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Germany Approves Prescribing Heroin to Long-time Users Unable to Quit


The German Parliament today approved a new law that will allow doctors to prescribe synthetic heroin to people with long-term drug addictions in an effort to reduce crime, overdose deaths and the spread of HIV.

The new law allows people over 23 who have used heroin or other opioid drugs illegally for more than five years -- and have failed at other rehab programs -- to receive pharmaceutical heroin in specialized treatment centers. The legislation follows a pilot project conducted in seven German cites between 2002 and 2006 that proved successful in reducing crime, HIV and overdose fatalities among people who had failed in previous efforts to quit heroin.

The German results were consistent with those of similar projects in Canada, the Netherlands, Spain, Switzerland, and the United Kingdom. Last year Switzerland similarly legalized heroin prescription in a public referendum.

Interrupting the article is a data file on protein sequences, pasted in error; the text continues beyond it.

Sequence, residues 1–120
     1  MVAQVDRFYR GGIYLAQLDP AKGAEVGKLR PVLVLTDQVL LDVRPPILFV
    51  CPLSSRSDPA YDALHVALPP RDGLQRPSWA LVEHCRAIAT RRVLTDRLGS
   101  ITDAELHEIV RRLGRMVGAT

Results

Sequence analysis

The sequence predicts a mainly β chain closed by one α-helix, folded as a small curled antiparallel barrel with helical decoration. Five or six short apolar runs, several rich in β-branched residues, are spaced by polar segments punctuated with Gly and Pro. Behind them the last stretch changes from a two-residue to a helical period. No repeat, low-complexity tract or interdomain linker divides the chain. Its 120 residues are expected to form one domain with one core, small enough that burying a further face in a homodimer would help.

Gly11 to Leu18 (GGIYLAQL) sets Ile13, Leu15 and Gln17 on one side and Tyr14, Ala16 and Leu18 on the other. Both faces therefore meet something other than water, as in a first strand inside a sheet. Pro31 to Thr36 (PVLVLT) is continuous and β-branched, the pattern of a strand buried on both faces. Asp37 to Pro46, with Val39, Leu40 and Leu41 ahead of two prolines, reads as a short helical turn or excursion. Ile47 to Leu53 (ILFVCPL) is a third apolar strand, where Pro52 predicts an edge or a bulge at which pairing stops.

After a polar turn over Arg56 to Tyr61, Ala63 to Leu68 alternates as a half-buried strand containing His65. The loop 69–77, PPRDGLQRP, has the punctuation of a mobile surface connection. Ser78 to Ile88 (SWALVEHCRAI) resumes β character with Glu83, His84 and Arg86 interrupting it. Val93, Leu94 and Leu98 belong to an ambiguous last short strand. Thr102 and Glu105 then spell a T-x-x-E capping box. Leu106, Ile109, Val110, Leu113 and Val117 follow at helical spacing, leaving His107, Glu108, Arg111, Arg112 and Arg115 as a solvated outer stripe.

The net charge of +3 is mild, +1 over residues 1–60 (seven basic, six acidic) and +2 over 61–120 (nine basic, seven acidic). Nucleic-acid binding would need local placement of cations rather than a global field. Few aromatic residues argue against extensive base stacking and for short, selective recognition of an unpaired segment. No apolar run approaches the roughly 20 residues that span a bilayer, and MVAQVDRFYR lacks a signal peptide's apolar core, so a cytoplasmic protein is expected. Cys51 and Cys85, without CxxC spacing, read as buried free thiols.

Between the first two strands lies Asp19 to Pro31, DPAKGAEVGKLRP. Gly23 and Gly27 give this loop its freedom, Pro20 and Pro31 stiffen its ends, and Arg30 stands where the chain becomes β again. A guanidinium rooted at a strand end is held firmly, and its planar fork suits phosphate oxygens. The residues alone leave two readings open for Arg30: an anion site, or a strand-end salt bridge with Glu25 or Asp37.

Ethan Nadelmann, executive director of the Drug Policy Alliance issued this statement:

The success of the German heroin prescription projects, combined with similar results in other countries, leaves little question that heroin prescription could reduce crime, HIV and overdose fatalities in the United States as well. And today's vote in Germany, combined with similar evidence of public support in other countries shows that the public will support even controversial drug policies when they are given a chance to prove themselves.


There is no question that heroin prescription programs are needed and long overdue in this country. All that stands in the way is politics and the backward assumption that it can never happen in the United States.